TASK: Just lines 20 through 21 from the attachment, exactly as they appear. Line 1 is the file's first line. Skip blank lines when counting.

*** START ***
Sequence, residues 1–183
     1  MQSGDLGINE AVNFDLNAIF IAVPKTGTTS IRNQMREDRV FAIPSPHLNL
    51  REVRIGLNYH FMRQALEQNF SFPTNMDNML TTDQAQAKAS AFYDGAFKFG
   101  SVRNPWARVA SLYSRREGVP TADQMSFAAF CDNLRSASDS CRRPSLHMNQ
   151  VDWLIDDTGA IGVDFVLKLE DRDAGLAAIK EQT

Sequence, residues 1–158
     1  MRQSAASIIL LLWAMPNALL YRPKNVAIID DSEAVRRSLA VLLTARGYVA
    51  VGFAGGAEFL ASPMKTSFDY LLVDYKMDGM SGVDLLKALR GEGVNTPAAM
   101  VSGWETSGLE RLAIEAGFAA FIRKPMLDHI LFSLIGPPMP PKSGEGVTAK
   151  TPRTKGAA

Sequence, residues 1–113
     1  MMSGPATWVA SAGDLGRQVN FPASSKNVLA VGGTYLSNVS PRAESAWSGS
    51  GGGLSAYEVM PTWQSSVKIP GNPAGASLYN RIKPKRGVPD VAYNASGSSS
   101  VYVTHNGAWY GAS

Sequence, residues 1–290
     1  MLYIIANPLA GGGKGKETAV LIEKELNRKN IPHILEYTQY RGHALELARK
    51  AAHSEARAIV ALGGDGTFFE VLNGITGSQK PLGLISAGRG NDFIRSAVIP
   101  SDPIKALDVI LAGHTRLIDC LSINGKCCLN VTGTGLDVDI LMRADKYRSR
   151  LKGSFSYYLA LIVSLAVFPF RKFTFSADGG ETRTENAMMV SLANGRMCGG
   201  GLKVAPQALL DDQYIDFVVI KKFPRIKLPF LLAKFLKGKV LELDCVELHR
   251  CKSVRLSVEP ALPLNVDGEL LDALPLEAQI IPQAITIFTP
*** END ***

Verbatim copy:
   201  GLKVAPQALL DDQYIDFVVI KKFPRIKLPF LLAKFLKGKV LELDCVELHR
   251  CKSVRLSVEP ALPLNVDGEL LDALPLEAQI IPQAITIFTP